Durham University
Programme and Module Handbook

Undergraduate Programme and Module Handbook 2012-2013 (archived)


Department: Education


Type Open Level 2 Credits 20 Availability Available in 2012/13 Module Cap None. Location Durham


  • None.


  • None.

Excluded Combination of Modules

  • None.


  • To explore the relationship between European visual culture of the 1920s and 1930s by reference to the socio-political context that gave rise to it.
  • To compare and contrast the practices of two opposed cultural strategies, the ‘rational’ and the ‘irrational, that arose at this time.


  • Cow on the Roof explores the development of the visual arts (art, architecture, design, film and performing arts) in Europe during the interwar period of the 1920s and 1930s. The experience of the First World War polarised artists into two distinct camps: those who sought to play a role in reconstructing war-torn Europe by employing ‘rational’ and ‘classical’ means and those who saw the war as the result of a corrupted bourgeois culture that had to be torn down by means of the ‘irrational’. These two opposed ‘cultural strategies’ are explored through a series of case studies drawn from Paris in the 1920s (Purism, Dada, Surrealism, the Ballets Russes and the impact of Jazz and Negrophilia), post-war Holland (Neo-plasticism & De Stijl), Nicholson, Nash, Moore and Hepworth in England, the Russian Revolutionary context (Constructivist art and theatre, Soviet film and Socialist Realism) ending with a study of the arts in the German context from Weimar Germany of the 1920s to Hitler’s National Socialism of the 1930s.

Learning Outcomes

Subject-specific Knowledge:
  • Students should be able to demonstrate:
  • Knowledge of the key ideas that shaped artistic practice in the period 1919-1939;
  • Familiarity with artistic practices across mediums at this time;
  • Fluency in using subject specific terminology;
  • Awareness of the way in which the socio-political context of the interwar period shaped the theory and practice of artists;
  • Understanding of the relationship between theory and practice;
  • Detailed knowledge of the work of specific arts practitioners.
Subject-specific Skills:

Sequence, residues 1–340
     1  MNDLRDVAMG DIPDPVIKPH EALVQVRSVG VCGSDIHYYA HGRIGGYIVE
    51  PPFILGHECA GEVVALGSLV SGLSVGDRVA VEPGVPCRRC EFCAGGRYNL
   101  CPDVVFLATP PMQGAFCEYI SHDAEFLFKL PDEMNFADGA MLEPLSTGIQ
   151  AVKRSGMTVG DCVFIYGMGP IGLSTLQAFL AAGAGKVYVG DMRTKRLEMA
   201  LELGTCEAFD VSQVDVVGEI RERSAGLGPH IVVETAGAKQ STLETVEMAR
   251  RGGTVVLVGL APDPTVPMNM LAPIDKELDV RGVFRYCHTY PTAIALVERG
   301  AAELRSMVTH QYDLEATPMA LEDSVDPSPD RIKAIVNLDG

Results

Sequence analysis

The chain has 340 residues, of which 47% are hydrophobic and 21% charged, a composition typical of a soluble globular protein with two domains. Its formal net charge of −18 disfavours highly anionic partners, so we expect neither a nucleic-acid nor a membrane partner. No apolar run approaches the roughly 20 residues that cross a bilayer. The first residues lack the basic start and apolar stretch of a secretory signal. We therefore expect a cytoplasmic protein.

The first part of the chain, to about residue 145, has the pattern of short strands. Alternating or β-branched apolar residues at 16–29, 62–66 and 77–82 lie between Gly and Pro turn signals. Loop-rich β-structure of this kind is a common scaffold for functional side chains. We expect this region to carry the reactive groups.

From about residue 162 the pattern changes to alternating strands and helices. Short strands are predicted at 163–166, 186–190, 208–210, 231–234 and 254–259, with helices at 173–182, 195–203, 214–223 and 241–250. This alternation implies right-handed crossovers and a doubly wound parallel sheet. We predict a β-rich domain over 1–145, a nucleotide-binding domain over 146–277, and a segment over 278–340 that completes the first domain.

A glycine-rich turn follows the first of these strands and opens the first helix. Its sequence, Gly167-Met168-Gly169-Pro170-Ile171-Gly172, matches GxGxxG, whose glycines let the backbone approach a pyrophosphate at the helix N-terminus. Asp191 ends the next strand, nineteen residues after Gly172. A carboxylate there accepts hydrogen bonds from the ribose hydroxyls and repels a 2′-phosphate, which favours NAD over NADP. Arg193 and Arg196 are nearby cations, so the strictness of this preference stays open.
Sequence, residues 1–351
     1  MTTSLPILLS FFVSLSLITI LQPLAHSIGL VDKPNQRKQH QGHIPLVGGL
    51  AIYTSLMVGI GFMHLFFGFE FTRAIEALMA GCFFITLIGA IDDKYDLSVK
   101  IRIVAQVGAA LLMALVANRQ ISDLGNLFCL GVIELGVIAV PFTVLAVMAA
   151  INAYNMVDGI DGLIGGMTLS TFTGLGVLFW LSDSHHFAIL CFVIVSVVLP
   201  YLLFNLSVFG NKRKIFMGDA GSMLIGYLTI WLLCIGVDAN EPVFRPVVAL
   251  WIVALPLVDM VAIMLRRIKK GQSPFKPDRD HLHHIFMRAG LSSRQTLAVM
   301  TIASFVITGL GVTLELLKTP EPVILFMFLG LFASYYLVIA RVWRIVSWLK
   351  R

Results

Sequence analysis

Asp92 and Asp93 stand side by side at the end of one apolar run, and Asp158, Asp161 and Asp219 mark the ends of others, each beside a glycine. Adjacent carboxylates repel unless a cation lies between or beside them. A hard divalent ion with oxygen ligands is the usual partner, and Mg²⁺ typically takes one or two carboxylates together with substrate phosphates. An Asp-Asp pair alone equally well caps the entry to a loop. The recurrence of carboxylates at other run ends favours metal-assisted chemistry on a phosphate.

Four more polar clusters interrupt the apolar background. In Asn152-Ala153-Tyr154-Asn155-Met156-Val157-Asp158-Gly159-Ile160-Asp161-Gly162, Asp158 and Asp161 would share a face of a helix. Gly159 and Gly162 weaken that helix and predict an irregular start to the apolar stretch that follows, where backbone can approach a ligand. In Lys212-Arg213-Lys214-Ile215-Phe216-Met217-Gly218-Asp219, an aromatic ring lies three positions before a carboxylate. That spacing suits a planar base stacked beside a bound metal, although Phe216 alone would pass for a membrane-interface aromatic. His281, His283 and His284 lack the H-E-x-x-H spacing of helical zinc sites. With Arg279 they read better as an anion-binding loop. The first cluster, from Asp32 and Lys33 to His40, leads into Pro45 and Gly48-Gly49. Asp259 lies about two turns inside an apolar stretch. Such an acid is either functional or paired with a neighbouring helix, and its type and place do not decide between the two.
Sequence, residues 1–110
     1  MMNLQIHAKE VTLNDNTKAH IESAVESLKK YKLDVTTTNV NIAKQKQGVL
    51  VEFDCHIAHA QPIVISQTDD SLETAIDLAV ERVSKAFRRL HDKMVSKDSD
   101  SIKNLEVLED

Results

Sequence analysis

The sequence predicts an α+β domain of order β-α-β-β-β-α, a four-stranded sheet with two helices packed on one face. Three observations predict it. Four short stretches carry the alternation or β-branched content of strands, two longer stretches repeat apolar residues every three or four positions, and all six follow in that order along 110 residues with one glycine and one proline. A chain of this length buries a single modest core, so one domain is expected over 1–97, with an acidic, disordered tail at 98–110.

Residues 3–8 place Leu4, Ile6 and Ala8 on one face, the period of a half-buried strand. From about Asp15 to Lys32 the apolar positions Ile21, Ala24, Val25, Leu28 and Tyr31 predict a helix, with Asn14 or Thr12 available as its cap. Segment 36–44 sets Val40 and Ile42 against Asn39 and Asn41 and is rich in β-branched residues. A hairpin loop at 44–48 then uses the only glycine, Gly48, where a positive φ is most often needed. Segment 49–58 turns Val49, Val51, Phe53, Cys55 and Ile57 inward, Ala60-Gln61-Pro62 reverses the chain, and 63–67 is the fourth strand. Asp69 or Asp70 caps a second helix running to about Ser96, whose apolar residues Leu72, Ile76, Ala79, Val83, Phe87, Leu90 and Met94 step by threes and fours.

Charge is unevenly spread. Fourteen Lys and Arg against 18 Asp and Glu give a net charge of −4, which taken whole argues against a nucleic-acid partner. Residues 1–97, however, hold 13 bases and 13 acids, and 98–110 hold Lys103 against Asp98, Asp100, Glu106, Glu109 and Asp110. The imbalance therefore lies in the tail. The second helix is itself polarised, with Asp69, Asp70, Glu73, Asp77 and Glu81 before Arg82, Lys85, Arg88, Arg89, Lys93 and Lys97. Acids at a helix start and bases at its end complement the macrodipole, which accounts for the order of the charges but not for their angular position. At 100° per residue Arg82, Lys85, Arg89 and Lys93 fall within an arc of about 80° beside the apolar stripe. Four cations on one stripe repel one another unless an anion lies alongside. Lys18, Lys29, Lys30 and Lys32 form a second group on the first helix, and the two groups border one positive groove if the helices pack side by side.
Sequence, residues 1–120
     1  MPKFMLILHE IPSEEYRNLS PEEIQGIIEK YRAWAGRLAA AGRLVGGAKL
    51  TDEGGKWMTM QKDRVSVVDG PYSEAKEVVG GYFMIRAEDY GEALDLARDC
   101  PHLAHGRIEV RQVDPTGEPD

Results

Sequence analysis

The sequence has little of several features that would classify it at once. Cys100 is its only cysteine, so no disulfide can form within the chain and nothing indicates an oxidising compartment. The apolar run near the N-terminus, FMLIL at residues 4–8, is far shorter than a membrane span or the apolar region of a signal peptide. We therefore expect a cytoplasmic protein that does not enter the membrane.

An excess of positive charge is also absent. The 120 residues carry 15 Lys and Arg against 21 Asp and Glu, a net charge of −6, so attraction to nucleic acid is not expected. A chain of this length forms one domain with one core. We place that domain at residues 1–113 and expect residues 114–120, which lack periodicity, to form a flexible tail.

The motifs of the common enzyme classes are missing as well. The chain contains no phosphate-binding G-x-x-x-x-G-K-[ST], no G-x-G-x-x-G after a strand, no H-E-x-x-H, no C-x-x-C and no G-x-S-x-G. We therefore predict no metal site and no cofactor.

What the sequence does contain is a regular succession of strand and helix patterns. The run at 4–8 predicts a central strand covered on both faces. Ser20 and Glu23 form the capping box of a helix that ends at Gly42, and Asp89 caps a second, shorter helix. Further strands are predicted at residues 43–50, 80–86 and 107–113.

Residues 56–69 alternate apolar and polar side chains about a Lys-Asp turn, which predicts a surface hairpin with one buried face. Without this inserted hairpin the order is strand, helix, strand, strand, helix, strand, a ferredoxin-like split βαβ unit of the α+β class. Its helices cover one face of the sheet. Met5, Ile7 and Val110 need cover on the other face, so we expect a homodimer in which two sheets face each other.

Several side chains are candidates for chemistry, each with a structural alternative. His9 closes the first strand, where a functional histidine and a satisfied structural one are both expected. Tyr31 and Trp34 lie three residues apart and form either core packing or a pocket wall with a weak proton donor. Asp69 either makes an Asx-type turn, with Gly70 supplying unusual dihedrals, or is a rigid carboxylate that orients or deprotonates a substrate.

• Students should be able to:
  • Undertake a sophisticated pictorial analysis of an art work;
  • Develop interpretative responses to the visual arts;
  • Think critically about the socio-political, economic and cultural contexts in which modern art has been created;
  • Support views with appropriate use of argument, example and associated reading;
  • Assess the strengths and weaknesses of opposing critical and historical methodologies;
  • Negotiate opposing critical and methdological views of the art works in question.
Key Skills:
  • Use relevant critical and professional terminology;
  • Develop critical and argumentative faculties;
  • Support interpretations with appropriate evidence ;
  • Develop research skills;
  • Practice skills of visual analysis;
  • Assess and weigh differing points of view;
  • Construct a considered opinion;
  • Enhance written communication skills.

Modes of Teaching, Learning and Assessment and how these contribute to the learning outcomes of the module

  • The module is taught through a series of informal lectures in which open discussion of ideas and art works is encouraged. The curriculum is developed through group work activities in which the students examine themes and issues as they are expressed in particular examples of art works. The lectures use a variety of teaching materials: digital projection and Powerpoint, CD and DVD, handouts, Duo, Discussion Board, and Directed Study. Site visits will be organised where and when possible (e.g., Galleries and Museums for relevant exhibitions, Sage and local theatres for relevant music and stage work and Tyneside Cinema for relevant film material).
  • Assessment is provided through a 2000 word summative due for submission at Easter. This allows the students time to develop their subject knowledge and their understanding of the key ideas that the module seeks to address. Students are provided with a selection of essay titles and are required to write to one of them. The assignment titles, the assessment criteria, and the tutor’s responses to the assignments, focus partly on ‘subject-specific knowledge and skills’ but principally address the ‘subject-specific skills’ and ‘key’ skills outlined above. The assignment will be the main vehicle for the assessment of ‘subject specific’ and ‘key’ skills which the module seeks to develop.

Teaching Methods and Learning Hours

Activity Number Frequency Duration Total/Hours
Lectures 21 weekly 2 hours 42
Site Visits 1 annual 2 hours 2
Preparation and Reading 156
Total 200

Summative Assessment

Component: Assessment Component Weighting: 40%
Element Length / duration Element Weighting Resit Opportunity
Assignment 2000 words 100%
Component: Examination Component Weighting: 60%
Element Length / duration Element Weighting Resit Opportunity
Examination 2 hours 100%

Formative Assessment:

Informal formative assessment will take place during group work sessions and will include the assessment of presentation skills, skills of visual analysis, and the ability to deploy critical theory and methodology. Formative student feedback is provided through: i) informal verbal feedback on assignment planning (if requested); ii) verbal feedback to lecture contributions iii) verbal feedback at the end of group work iv) answers to all questions asked by students.

Attendance at all activities marked with this symbol will be monitored. Students who fail to attend these activities, or to complete the summative or formative assessment specified above, will be subject to the procedures defined in the University's General Regulation V, and may be required to leave the University